In the previous article, we discussed limitations of current drug treatment approaches for Alzheimer’s disease (AD) and the growing understanding about the importance of lifestyle and health behaviours. This is where the gut microbiome comes in.
How could the microbiome be involved?
The bidirectional communication that takes place between the gut microbiota and the central nervous system has been coined the now popular term “gut-brain axis” that we write about here often. Our knowledge of this phenomenon has increased rapidly over recent years with the gut now associated with mental health and neurological conditions including depression, Parkinson’s disease, Huntington’s disease, and autism spectrum disorders. A small but convincing body of research also suggests a critical role of the microbiome in AD. Animal studies have shown that the microbiome and its metabolites play a causal role in AD by modulating blood-brain barrier permeability and amyloid levels. Additionally, preliminary data also show microbiome differences in people with early AD.
Animal studies in the mouse and fruit fly have shown links between the microbiome and aging. One 2017 study found aged mice to exhibit a greater number of anxiety-like behaviours coupled with reduced overall locomotor activity, behaviours also noted in human AD. Interestingly, the relative abundance of Porphyromonadaceae – a family of bacteria associated with cognitive decline – was found to be directly correlated with these anxiety-like behaviours in the aged mice, and microbiota diversity differed significantly between the young and aged mice. Additionally, Wu et al., used a fruit fly AD model to investigate the possible link between intestinal infection and neurodegeneration. Adult flies with Alzheimer’s pathology in their brains were obtained and their gut microbiome was changed by giving them an infection with a non-pathogenic enterobacteria, known to colonize the gastrointestinal tract. This infection was found to exacerbate the progression of AD disease.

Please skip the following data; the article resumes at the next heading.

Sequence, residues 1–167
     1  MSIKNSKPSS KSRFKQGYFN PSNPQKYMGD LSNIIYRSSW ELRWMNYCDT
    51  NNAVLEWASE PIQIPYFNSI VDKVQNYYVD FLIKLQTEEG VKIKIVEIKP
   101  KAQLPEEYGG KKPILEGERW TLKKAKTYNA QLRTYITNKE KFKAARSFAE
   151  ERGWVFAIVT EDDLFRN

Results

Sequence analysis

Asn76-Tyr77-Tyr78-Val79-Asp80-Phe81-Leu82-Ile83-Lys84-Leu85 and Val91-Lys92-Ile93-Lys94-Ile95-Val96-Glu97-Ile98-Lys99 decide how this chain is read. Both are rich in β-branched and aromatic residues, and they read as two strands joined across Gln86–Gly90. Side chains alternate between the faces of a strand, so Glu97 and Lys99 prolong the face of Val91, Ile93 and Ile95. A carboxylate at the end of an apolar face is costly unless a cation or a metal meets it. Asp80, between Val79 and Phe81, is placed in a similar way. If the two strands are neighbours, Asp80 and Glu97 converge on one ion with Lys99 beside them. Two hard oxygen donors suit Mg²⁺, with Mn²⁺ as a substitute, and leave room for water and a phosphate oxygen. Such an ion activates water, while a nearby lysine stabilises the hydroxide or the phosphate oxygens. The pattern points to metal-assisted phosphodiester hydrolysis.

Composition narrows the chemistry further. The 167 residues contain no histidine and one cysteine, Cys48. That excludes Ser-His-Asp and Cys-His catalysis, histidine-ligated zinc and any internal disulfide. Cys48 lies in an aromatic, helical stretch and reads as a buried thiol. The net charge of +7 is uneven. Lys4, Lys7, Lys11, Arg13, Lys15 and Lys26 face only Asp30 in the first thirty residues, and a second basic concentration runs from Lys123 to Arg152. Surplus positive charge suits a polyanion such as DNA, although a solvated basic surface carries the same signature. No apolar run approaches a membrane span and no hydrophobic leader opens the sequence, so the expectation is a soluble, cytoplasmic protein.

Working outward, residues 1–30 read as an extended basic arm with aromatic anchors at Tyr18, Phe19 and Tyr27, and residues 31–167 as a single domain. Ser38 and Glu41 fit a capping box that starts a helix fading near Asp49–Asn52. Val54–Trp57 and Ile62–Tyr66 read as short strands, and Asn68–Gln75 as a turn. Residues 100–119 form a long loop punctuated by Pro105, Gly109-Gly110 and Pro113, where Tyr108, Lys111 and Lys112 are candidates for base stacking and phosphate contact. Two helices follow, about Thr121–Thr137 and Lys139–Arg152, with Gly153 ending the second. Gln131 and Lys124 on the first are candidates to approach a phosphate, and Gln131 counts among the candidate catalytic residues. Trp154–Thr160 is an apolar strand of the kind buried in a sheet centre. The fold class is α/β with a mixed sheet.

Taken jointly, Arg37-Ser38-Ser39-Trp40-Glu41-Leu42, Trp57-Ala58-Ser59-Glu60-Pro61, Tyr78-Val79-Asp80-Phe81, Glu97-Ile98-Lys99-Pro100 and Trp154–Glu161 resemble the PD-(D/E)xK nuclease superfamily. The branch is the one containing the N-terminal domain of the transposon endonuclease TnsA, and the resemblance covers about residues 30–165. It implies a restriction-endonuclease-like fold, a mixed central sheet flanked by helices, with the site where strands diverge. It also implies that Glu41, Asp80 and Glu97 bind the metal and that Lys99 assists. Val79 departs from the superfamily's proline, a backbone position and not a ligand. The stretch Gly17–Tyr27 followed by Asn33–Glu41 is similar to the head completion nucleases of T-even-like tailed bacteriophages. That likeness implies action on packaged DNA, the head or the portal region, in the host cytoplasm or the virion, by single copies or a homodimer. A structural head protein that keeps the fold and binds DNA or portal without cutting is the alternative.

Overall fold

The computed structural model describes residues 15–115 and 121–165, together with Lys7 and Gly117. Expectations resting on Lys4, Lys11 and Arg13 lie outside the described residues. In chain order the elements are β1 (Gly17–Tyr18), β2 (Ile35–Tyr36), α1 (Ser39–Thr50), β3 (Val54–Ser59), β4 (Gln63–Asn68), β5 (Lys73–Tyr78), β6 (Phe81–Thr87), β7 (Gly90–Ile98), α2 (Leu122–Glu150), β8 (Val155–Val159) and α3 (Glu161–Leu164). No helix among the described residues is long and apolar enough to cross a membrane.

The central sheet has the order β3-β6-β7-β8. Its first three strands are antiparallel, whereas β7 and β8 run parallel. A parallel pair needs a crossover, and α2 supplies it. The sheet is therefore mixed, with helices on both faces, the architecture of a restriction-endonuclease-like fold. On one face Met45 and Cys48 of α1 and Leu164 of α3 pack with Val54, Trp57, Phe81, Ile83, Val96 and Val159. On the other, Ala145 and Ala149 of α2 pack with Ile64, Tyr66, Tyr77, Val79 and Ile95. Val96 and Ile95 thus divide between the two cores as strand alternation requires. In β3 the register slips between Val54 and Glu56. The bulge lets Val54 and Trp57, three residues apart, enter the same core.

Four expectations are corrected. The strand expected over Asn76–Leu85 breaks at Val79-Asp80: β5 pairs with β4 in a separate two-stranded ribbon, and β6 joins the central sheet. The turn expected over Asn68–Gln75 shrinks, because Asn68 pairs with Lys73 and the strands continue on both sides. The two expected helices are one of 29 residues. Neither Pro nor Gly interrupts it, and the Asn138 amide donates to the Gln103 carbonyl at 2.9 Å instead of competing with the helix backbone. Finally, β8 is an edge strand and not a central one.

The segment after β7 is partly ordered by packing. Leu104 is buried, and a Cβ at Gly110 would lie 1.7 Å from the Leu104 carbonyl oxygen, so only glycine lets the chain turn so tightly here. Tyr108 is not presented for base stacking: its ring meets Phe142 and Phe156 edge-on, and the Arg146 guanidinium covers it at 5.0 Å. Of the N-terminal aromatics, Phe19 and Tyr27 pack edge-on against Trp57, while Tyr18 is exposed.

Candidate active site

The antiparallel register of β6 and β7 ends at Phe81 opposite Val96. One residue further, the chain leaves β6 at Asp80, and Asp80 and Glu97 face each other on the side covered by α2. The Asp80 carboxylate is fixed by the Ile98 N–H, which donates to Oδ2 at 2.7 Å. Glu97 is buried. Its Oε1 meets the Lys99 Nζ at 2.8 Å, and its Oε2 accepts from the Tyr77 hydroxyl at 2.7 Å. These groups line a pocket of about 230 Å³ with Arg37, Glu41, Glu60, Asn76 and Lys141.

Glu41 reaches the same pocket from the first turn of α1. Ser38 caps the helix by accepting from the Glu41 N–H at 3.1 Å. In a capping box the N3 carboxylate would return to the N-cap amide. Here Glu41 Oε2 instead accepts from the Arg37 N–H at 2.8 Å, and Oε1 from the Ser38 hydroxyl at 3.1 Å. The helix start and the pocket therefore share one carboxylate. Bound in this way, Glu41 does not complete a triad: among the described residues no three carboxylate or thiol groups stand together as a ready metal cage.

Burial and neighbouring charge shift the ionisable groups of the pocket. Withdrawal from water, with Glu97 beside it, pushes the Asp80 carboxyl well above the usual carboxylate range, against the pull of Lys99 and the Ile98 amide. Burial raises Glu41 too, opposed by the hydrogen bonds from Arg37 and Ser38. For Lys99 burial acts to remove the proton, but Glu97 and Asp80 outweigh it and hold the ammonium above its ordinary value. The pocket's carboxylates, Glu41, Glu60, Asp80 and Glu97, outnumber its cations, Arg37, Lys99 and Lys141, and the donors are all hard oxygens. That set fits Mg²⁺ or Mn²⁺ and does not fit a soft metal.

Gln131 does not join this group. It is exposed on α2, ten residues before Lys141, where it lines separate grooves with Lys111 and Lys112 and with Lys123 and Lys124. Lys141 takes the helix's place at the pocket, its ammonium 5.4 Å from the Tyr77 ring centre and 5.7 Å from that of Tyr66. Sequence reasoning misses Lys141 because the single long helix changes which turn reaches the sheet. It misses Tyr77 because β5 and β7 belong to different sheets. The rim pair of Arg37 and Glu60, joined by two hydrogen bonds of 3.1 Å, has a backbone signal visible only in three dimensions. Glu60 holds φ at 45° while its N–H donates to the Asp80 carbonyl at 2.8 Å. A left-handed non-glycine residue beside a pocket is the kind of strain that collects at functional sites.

Results from human studies produce similar results. A case-control observational study found that gut microbiomes of those with AD were less diverse than those of healthy controls. More specifically, AD microbiomes had less Firmicutes and Actinobacteria, and more Bacteroidetes than microbiomes of those without AD.
Where to from here?
Research in humans is very much in its infancy and has a way to go until we can translate these to clinical practice. The main limitation with the few human studies conducted thus far is that they are limited to people who already have an AD diagnosis. This is problematic because the brain pathology of AD begins many years before symptoms begin and, because medications prescribed to patients may also affect the gut microbiome. By studying healthy participants and tracking subtle brain changes that are indicative of AD risk, a new project we are conducting will address these limitations and enable new insights about prevention of AD.
The Healthy Brain Project is aiming to recruit 10,000 healthy Australians and follow their brain health over at least 5 years.
A smaller number of participants residing in Victoria will be invited to participate in a biomarker sub-study which includes sampling of the gut and oral microbiomes. Other measures in this sub-study include a blood test, MRI scan, cerebrospinal fluid sample and a neuropsychological assessment.
Do you live in Australia and want to participate in the Healthy Brain Project? We are seeking adults aged 40-70 years old.
Visit the Healthy Brain Project website for more information and to sign up as a participant!
Madeline West is an Associate Nutritionist and research assistant currently working with Dr Amy Loughman at the Food & Mood Centre on the Healthy Brain Project (Microbiome substudy). This post was originally published on the Food & Mood Centre website.